Over the course of the year, a lot of people have dropped their usual exercise routine. This is not a problem specific to any year though, people often stop exercising for a period of time. Illness or time of year often can force people to stop exercising. People frequently try to get right back into their exercise habits as if they hadn’t taken a break. There are inherent risks with this though as a person can end up injuring themselves, causing them to stop exercising again, or they overstress their systems, causing other problems. After a break, it is best to ease back into an exercise routine. Treating the resumption of exercise as if you are just starting for the first time is the best way to protect your body from the stress of exercise. That also means you can use the same process if you are just getting started with a regular exercise routine.
Most people exercise to stay in shape, but the most critical aspect is that exercise helps to sync your mind and body. Exercise can help a person be healthier, but the brain begins to produce chemicals that make a person feel better. This establishes a positive connection between the mind and body. To strengthen this, spend a week lying down and doing a daily set of muscle contraction and relaxation exercises, then reduce it to a few times a week. This forces you to focus on your body and its reaction to the tension applied to it. Make sure to pay attention to your breathing as well; this is best done with your eyes closed. Tense and release the muscles in the following locations, one at a time:
- Jaw by clenching your teeth
- Hands by making fists that will tense all the way up your arms
- Glutes and abs
- Toes by curling them so that it will tense all the way up your legs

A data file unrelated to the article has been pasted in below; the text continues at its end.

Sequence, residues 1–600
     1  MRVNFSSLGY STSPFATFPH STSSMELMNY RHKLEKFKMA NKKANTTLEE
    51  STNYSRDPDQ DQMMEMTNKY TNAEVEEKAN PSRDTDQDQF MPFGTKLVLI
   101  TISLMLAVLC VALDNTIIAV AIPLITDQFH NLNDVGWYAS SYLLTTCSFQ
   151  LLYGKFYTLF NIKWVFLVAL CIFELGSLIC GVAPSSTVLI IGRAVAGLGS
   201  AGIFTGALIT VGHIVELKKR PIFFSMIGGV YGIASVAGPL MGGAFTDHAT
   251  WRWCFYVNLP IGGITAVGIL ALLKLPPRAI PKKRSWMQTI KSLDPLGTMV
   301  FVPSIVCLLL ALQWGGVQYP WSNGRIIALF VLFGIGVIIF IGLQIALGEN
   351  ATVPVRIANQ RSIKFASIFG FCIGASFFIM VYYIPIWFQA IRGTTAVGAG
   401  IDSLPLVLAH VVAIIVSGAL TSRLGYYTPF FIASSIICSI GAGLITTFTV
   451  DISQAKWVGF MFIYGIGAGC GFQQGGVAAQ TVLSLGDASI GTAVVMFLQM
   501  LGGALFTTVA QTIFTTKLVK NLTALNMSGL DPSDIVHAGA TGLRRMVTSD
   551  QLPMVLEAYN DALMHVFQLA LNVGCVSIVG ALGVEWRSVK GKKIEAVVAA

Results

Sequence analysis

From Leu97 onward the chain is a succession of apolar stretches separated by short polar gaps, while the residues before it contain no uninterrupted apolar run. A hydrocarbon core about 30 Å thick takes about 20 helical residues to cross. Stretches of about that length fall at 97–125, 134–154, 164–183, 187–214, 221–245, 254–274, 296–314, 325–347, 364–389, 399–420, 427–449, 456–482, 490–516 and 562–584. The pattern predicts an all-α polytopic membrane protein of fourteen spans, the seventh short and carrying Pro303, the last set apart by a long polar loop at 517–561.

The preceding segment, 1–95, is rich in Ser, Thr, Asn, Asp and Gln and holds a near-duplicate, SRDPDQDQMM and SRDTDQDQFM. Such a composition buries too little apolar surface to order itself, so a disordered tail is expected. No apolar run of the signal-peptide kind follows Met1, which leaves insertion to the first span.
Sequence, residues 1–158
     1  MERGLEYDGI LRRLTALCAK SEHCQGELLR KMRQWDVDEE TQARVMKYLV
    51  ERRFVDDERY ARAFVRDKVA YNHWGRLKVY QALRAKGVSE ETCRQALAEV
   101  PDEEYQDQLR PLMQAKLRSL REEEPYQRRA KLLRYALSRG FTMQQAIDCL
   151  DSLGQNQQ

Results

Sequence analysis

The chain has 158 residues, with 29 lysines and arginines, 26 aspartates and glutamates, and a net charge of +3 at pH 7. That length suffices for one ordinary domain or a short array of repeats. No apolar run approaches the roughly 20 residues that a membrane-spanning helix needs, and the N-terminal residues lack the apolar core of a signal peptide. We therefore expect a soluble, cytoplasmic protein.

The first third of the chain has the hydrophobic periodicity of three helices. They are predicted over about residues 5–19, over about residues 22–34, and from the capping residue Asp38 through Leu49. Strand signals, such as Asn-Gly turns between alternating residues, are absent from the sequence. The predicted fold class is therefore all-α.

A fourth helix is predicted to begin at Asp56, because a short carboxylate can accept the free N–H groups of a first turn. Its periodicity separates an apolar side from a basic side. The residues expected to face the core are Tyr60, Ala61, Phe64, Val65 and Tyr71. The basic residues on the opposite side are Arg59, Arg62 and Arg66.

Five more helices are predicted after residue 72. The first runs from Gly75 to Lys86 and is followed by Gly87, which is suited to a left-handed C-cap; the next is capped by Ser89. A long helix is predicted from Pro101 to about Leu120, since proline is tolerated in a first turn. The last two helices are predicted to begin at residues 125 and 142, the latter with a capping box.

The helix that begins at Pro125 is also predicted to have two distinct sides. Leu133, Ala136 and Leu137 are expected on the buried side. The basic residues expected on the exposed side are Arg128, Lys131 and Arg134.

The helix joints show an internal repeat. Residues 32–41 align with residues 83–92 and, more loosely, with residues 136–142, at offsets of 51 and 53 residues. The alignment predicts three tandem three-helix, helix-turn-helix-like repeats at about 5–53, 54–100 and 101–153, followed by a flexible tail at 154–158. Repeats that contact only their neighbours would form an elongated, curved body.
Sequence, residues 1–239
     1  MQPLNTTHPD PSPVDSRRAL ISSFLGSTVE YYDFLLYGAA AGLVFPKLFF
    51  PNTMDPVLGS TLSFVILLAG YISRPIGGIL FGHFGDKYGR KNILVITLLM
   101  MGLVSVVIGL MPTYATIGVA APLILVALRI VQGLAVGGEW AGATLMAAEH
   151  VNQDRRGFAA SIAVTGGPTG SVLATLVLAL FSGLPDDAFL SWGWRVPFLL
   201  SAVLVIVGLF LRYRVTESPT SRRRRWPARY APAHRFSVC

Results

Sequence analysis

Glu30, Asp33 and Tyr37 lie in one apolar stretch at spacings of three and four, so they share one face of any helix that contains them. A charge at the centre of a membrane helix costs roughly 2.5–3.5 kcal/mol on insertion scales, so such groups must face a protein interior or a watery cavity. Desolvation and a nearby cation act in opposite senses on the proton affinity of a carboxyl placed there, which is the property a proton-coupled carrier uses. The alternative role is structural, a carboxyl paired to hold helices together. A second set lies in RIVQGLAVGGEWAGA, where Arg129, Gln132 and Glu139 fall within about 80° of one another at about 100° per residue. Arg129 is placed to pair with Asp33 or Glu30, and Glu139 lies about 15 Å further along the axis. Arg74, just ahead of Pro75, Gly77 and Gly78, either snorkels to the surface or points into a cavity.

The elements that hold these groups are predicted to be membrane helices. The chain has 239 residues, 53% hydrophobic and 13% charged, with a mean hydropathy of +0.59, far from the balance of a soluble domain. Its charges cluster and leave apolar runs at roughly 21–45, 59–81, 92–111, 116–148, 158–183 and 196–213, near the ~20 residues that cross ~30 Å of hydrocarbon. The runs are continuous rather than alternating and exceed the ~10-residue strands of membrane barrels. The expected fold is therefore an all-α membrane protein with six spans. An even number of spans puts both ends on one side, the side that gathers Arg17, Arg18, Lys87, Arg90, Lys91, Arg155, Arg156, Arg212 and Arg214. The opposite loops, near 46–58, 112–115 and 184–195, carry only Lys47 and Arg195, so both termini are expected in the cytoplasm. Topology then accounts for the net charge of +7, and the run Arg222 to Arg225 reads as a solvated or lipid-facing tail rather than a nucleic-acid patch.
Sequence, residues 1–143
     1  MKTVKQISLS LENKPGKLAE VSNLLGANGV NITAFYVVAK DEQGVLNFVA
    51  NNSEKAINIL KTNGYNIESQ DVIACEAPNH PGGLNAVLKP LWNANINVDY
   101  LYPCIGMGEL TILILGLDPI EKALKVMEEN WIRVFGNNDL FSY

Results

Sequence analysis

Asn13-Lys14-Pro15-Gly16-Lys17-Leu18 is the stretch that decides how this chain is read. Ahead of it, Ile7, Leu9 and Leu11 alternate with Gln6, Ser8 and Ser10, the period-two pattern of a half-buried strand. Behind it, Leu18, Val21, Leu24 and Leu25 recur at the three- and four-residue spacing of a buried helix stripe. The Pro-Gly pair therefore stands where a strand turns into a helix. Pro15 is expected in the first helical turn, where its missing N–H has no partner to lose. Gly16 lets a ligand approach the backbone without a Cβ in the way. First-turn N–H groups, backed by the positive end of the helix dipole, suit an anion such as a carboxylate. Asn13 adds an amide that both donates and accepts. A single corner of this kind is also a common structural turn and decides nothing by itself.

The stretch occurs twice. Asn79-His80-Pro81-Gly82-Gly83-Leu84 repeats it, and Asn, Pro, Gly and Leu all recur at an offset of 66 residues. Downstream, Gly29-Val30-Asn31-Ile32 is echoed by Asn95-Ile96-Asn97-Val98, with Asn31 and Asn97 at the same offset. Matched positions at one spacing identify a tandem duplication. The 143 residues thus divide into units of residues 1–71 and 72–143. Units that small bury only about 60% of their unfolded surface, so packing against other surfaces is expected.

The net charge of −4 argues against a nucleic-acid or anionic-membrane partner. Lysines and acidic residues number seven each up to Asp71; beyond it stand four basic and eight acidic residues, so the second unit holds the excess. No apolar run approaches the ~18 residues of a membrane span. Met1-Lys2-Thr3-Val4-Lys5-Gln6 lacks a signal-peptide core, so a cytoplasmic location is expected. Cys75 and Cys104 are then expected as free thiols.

Start to focus more on your posture. Being more aware of your posture from the beginning can reduce the risks you put on your body as you exercise. Keeping your posture aligned (instead of slouching) also helps you to breathe better as you exercise. If you have good posture, it is easier to take deeper breaths, moving your ribs with each intake and exhale. One way to improve both is to sit with good posture and to focus on breathing. By taking a couple of minutes every day to sit up properly and breathe, you will have a better idea of how you should be positioned while you are exercising. Just 5 to 10 breaths with good posture every day should be more than enough to help. A longer walk every day is another way for you to focus on your posture while actually exercising. It is best to ease into it than to start jogging right off the bat. By combining good posture with walking, you will increase the likelihood that you will continue to have good posture as you move into more vigorous workouts. Just 5 to 10 minutes can be a good starting point. However, if you are still in pretty good shape, a good 30 to 45 minute walk is fine. Just make sure you try to focus on your posture while you walk.
Develop a long-term plan to ensure that you continue to exercise, no matter how busy you are. There are two things to focus on for this.
- Dedicate 30 to 45 minutes to exercise every day. It’s too easy to make excuses not to exercise, but you don’t do that for eating or other necessities. Block out time to exercise, then do it every day at the same time so that you will be far more likely to keep going.
- Determine where you will work out. Going to a gym often requires more time requirements, which makes it easier to skip. You can plan to exercise at the gym, but make sure you have a backup location so that on busy days or when there are other problems that prevent you from getting to the gym, you still get your daily exercise. If you exercise at home, make sure to have a dedicated space so you aren’t distracted by other things while you workout.
This is one of seven blogs focused on getting back into exercising. If you would like to learn more details about the steps covered here or to read the follow up articles as you exercise more, start with How to Reboot Your Workout Routine: Let’s Set the Foundation.